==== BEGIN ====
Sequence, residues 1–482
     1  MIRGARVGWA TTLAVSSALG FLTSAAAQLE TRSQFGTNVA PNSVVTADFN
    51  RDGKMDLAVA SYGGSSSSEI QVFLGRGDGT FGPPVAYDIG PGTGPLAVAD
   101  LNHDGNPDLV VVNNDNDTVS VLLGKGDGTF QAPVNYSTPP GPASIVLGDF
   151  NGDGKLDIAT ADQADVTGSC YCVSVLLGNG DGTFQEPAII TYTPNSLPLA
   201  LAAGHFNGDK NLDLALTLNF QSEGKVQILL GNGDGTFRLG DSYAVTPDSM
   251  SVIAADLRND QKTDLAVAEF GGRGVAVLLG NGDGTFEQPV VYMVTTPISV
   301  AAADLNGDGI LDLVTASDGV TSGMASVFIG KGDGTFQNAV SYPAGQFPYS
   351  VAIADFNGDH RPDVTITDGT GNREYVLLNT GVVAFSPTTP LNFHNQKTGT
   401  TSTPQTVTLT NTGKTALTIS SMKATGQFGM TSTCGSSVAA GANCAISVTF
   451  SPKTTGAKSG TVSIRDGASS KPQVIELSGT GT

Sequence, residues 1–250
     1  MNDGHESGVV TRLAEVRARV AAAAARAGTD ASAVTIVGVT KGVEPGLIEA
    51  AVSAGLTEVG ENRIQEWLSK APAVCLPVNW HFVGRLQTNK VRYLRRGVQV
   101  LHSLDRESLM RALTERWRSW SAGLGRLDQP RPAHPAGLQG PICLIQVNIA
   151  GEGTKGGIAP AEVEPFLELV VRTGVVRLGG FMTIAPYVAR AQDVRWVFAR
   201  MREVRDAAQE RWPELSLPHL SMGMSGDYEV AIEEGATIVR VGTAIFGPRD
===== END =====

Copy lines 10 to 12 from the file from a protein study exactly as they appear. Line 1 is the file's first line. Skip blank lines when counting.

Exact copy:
   401  TSTPQTVTLT NTGKTALTIS SMKATGQFGM TSTCGSSVAA GANCAISVTF
   451  SPKTTGAKSG TVSIRDGASS KPQVIELSGT GT

Sequence, residues 1–250